Interoperability: connecting forces
How do the many countries in an alliance like NATO work effectively together in joint operations? Interoperability is what helps all the pieces fit together and run smoothly, and NATO has been striving to improve the ability of NATO forces to work together since the Alliance was founded in 1949.
A Slovak soldier (left) and a Spanish comrade (right) celebrate after the conclusion of an exercise in eastern Latvia, as part of NATO’s military presence in Eastern Europe.
NATO defines "interoperability” as the ability for Allies to act together coherently, effectively and efficiently to achieve tactical, operational and strategic objectives. Specifically, interoperability enables forces, units and/or systems to operate together, allowing them to communicate and to share common doctrine and procedures, along with each other’s infrastructure and bases. Interoperability reduces duplication, enables pooling of resources and produces synergies among all Allies, and whenever possible with partner countries.
Interoperability does not necessarily require common military equipment. What is important is that equipment can share common facilities and is able to interact, connect and communicate, exchange data and services with other equipment.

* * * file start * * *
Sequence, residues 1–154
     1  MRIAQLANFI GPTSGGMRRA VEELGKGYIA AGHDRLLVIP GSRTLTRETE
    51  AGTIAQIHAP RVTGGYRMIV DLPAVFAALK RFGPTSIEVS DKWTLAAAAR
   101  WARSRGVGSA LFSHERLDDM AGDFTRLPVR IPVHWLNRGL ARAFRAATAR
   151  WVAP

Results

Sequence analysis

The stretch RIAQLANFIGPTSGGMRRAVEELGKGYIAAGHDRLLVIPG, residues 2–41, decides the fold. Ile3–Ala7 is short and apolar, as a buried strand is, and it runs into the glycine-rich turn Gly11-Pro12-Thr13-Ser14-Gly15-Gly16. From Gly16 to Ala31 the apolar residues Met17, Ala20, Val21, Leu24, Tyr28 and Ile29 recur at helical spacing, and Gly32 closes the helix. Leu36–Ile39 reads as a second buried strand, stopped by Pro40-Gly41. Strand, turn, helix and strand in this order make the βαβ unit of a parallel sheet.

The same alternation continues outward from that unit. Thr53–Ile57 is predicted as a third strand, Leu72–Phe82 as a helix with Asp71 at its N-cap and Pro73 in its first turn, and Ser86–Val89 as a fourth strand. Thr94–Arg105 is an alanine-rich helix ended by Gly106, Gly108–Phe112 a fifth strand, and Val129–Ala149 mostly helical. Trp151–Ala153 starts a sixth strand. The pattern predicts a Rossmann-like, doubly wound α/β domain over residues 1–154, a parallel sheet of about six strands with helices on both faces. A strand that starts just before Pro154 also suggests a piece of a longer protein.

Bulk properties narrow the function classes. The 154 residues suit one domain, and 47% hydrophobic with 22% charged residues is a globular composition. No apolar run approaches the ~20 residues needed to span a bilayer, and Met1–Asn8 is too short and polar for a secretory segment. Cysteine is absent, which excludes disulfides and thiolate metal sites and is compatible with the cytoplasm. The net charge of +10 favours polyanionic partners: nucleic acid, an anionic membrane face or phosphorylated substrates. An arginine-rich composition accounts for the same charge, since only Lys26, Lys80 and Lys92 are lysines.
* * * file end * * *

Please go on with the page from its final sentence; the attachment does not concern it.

Interoperability supports the implementation of NATO initiatives through multiple dimensions:
- technical (including hardware, equipment, armaments and systems),
- procedural (including doctrines and procedures),
- human (including terminology and training) and
- information (as a critical transversal element).
Interoperable solutions can only be achieved through the effective employment of standardization, training, exercises, lessons learned, demonstrations, tests and trials.
By strengthening relationships with the defence and security industry and by using open standards to the maximum extent possible, NATO is pursuing interoperability as a force multiplier and a streamliner of national efforts.
NATO militaries have achieved a high level of interoperability through decades of joint planning, training and exercises. More recently, Alliance members have put their interoperability into practice and developed it further during joint operations and missions in the Balkans, the Mediterranean, Afghanistan, Libya and elsewhere. These operations have also enabled NATO’s partner countries to improve interoperability with the Alliance.
Furthermore, over the years the Alliance has developed specific programmes to enhance interoperability, such as the Connected Forces Initiative (CFI). The aims of these programmes are for the Alliance and Allies to have a coherent set of deployable, interoperable and sustainable forces equipped, trained, exercised and commanded to operate together and with partners in any environment.